(38
)
 
(38
)
Impairment of goodwill and other intangible assets

 
84,046

Impairment of long-lived assets
200

 

Changes in assets and liabilities:
 
 
 
Accounts receivable
(6,787
)
 
2,417

Inventories
(675
)
 
4,319

Prepaid expenses and other assets
565

 
(111
)
Accounts payable and other liabilities
(1,554
)
 
(2,755
)
Net cash (used in) provided by operating activities
(6,411
)
 
9,955

Investing activities
 
 
 
Purchases of property and equipment
(9,836
)
 
(21,140
)
Proceeds from sale of equipment
470

 
1,287

Net cash used in investing activities
(9,366
)
 
(19,853
)
Financing activities
 
 
 
Repayment of long-term debt
(1,041
)
 
(1,041
)
Net cash used in financing activities
(1,041
)
 
(1,041
)
Effect of foreign currency translation on cash
(442
)
 
(40
)
Net decrease in cash and cash equivalents
(17,260
)
 
(10,979
)
Cash and cash equivalents, beginning of period
44,563

 
44,754

Cash and cash equivalents, end of period
$
27,303

 
$
33,775

 
 
 
 
Supplemental disclosure of cash flow information
 
 
 
Cash paid during the period for:
 
 
 
Interest
$
4,198

 
$
4,920

Income taxes
$
1,178

 
$
855


See Accompanying Notes


4


BakerCorp International, Inc. and Subsidiaries
Notes to Condensed Consolidated Financial Statements (unaudited)

Note 1. Organization, Description of Business, and Basis of Presentation
We are a provider of liquid and solid containment solutions, operating within a specialty sector of the broader industrial services industry. Our revenue is generated by providing rental equipment, customized solutions, and services to our customers. We provide a wide variety of steel and polyethylene temporary storage tanks, roll-off containers, pumps, filtration, pipes, hoses and fittings, shoring, and related products to a broad range of customers for a number of applications. Tank and roll-off container applications include the storage of water, chemicals, waste streams, and solid waste. Pump applications include the pumping of groundwater, municipal waste, and other fluids. Filtration applications include the separation of various solids from liquids. We serve a variety of industries, including industrial and environmental remediation, refining, environmental services, construction, chemicals, transportation, power, municipal works, and oil and gas. We have branches within 23 states in the United States as well as branches in Canada, France, Germany, the Netherlands and the United Kingdom. As used herein, the terms “Company,” “we,” “us,” and “our” refer to BakerCorp International, Inc. and its subsidiaries, unless the context indicates to the contrary.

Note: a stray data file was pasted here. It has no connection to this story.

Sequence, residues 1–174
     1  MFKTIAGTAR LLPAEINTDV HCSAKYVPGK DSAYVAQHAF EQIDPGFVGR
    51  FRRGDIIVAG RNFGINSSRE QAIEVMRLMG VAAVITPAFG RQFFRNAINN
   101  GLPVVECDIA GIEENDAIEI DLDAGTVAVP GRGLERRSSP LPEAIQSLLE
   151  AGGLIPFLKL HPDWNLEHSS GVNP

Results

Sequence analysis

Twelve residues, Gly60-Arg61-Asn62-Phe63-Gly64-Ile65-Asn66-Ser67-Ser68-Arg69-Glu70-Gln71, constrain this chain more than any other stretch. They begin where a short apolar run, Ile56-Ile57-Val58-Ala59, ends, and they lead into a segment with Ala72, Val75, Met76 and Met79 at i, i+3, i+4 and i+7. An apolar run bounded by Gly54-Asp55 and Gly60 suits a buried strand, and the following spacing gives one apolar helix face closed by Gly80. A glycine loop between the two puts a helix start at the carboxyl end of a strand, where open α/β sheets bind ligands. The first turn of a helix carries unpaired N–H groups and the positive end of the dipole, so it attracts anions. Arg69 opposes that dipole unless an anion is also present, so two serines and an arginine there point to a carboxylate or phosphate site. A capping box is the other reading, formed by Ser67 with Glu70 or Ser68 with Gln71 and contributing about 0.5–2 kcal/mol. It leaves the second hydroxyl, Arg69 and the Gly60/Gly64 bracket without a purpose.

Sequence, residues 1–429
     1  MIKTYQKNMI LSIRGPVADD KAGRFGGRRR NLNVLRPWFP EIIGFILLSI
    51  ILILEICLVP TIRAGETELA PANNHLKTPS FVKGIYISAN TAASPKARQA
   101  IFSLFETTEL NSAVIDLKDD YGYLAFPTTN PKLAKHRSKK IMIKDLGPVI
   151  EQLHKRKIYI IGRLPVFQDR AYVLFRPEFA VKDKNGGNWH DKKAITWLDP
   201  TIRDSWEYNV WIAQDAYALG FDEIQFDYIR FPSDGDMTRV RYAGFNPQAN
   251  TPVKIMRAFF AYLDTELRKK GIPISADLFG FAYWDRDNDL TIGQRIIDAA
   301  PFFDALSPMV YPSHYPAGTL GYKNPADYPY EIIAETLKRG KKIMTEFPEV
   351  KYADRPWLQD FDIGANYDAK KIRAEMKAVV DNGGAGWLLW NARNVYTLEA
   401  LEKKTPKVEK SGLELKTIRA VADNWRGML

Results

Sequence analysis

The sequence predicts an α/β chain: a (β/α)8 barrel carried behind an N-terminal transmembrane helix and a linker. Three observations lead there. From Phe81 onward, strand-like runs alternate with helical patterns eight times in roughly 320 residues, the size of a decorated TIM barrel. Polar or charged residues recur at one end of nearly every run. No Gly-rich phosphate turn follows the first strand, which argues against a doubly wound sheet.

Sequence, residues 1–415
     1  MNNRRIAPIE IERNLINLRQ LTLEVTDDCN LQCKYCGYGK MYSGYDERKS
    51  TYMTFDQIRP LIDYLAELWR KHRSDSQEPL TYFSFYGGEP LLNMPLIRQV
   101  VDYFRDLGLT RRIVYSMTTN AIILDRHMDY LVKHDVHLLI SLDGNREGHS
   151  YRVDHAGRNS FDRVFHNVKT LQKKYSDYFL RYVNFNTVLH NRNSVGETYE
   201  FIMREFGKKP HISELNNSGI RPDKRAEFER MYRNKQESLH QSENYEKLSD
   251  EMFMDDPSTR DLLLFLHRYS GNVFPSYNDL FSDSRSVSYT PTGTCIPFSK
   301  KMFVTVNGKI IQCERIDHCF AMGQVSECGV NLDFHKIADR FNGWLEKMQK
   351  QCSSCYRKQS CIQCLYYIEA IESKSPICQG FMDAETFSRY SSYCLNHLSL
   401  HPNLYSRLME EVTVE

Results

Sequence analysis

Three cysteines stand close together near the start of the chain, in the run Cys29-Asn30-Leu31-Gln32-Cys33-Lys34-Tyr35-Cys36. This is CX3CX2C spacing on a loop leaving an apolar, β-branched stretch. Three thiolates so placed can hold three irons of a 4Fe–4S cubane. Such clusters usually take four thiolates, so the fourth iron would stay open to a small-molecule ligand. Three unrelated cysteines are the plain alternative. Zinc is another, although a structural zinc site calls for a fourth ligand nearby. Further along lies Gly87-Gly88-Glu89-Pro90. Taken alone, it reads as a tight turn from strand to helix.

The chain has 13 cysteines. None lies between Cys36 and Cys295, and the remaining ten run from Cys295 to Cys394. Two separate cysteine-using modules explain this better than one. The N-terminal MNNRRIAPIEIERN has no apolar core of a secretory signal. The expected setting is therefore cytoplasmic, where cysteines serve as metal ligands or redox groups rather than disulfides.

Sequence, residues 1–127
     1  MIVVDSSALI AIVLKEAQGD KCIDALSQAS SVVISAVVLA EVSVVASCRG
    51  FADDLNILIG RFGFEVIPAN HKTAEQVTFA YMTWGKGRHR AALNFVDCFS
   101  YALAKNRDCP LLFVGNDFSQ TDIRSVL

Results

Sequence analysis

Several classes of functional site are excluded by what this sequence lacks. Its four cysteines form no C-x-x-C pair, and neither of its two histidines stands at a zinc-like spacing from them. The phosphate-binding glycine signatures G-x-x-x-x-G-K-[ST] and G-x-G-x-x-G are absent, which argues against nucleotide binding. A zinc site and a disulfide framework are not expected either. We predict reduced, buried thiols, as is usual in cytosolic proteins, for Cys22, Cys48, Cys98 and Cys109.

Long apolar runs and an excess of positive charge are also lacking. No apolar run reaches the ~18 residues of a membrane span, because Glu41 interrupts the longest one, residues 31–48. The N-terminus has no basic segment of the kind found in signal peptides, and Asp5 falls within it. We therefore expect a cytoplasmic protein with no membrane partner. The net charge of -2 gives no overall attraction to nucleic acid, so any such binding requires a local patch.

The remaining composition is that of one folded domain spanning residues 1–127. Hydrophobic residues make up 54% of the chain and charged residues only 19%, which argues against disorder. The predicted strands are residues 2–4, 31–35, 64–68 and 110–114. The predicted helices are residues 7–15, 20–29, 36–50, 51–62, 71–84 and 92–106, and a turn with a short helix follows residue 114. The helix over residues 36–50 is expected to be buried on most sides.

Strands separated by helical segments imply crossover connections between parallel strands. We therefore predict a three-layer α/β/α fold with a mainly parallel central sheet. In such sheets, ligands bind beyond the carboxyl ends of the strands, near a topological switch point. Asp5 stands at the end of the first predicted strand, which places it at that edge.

Basis of Presentation
The accompanying condensed consolidated financial statements have been prepared in accordance with accounting principles generally accepted in the United States of America (“U.S. GAAP”) for interim financial information and the instructions to Securities and Exchange Commission (“SEC”) Form 10-Q and Article 10 of SEC Regulation S-X. They do not include all of the information and footnotes required by U.S. GAAP for complete financial statements. Therefore, these financial statements should be read in conjunction with our audited consolidated financial statements and notes thereto for the year ended January 31, 2017, included in our 2017 Annual Report on Form 10-K filed with the SEC on April 26, 2017. Certain amounts previously reported have been reclassified to conform to the current year financial presentation.

The interim condensed consolidated financial statements included herein are unaudited; however, they contain all normal recurring accruals and adjustments that, in the opinion of management, are necessary for a fair statement of our results of operations and financial position for the interim periods. The results of operations for the three months ended April 30, 2017 are not necessarily indicative of the results to be expected for future quarters or the full year.

Principles of Consolidation
The accompanying condensed consolidated financial statements include our accounts and those of our wholly-owned subsidiaries. All intercompany accounts and transactions with our subsidiaries have been eliminated.

Use of Estimates